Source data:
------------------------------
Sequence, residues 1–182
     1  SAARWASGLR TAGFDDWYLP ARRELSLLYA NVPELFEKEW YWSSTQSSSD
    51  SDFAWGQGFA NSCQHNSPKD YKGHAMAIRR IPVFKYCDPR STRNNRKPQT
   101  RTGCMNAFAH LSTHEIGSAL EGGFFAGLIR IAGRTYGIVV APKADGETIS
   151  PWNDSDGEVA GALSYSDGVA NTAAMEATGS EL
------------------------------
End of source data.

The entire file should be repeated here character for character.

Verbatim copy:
Sequence, residues 1–182
     1  SAARWASGLR TAGFDDWYLP ARRELSLLYA NVPELFEKEW YWSSTQSSSD
    51  SDFAWGQGFA NSCQHNSPKD YKGHAMAIRR IPVFKYCDPR STRNNRKPQT
   101  RTGCMNAFAH LSTHEIGSAL EGGFFAGLIR IAGRTYGIVV APKADGETIS
   151  PWNDSDGEVA GALSYSDGVA NTAAMEATGS EL